Queering Holy Week: A Primer

For Holy Week, I will take up a new project titled, “Queering the Stations of the Cross(es).” In the last few months, beautiful artwork on LGBTQ Stations have emerged; as well as a specifically Trans-queering the Stations of the Cross. These are wonderful additions to the Christian imagination surrounding Holy Week and the Stations. For my project, I want to broadly define queer and find more ruptures in the text and tradition that include, but are not limited to LGBTQQIAAP+ theory/theology. For this reason, I am using David Halerpin’s definition of queer,

“by definition, whatever is at odds with the normal, the legitimate, the dominant. There is nothing in particular to which it necessarily refers… ‘Queer’…demarcates not a positivity but a positionality vis-à-vis the normative—a positionality that is not restricted to lesbians and gay men” (p. 62).

In other words, queer destabilizes all sense of norms. It does this not for its own sake; rather, for a clearer (queerer) sense of the world we live in. Presently, essences categorize and suffocate the Earth (nature, animals, who gets to rule) and humanity (heteronormativity, racist perceptions). Just as one’s eye color differs from another, so do our tastes, sexualities, epistemologies, and much more. Queering disrupts the status quo and brings discomforts us. Isn’t this what religion attempts to do or at least certain movements of it?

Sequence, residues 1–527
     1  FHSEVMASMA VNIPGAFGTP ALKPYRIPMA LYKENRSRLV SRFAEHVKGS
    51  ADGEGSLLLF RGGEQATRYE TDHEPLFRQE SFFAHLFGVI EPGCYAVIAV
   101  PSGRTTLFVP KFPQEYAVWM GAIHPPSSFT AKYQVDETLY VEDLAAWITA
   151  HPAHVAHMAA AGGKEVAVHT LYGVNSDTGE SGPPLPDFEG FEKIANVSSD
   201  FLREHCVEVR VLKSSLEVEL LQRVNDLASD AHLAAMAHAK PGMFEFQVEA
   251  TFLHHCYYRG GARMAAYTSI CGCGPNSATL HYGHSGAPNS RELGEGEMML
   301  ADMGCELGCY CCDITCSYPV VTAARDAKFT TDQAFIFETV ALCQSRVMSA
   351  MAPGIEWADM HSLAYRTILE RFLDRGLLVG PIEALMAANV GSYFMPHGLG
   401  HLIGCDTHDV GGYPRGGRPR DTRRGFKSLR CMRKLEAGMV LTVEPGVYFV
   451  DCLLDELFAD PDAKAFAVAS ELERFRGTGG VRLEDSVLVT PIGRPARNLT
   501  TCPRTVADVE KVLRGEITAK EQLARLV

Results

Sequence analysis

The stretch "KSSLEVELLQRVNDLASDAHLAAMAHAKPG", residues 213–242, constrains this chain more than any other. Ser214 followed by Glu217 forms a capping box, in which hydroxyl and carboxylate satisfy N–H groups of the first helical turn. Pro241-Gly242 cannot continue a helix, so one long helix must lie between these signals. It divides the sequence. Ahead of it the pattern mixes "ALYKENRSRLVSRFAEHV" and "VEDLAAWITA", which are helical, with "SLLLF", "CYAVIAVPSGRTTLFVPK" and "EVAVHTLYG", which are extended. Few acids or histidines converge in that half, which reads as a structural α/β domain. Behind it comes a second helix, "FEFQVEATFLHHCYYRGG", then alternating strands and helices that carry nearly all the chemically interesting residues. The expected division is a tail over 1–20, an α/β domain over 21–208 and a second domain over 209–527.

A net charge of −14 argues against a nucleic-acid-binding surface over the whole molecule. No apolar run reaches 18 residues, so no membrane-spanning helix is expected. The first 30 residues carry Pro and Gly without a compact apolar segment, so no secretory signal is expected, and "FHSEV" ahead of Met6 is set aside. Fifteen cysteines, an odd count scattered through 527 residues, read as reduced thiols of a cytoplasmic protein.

The season of Lent, especially the Stations of the Cross, needs queering. Sacrificing meals or praying once a day comforts one’s spiritual life. Problematizing and queering the stations of the cross invites us to see our tradition with fresh eyes.

So won’t you please join me in “Queering the Stations of the Cross(es)”? 

Queer Love


3 thoughts on “Queering Holy Week: A Primer

  1. I’m delighted to encounter someone else who wants join in the important and invigorating task of queering the Stations of the Cross. Thanks for the link to my piece at the Jesus in Love Blog about Mary Button’s LGBT Stations of the Cross.
    This week I’m running a series based on another set of paintings that give a queer spin to Holy Week: “The Passion of Christ: A Gay Vision” by Doug Blanchard.
    His 24 images show Jesus as a young gay man of today being jeered by fundamentalists, tortured by Marine look-alikes and rising again to enjoy homoerotic moments with God and friends. His diverse friends (including various queers) join him on a journey from suffering to freedom. Here’s a link. I’d love to know what you think of it.
    a href=”http://www.jesusinlove.blogspot.com/2014/04/gay-passion-of-christ-series-starts.html
    May the Rainbow Christ bless you in queer ways this Holy Week!

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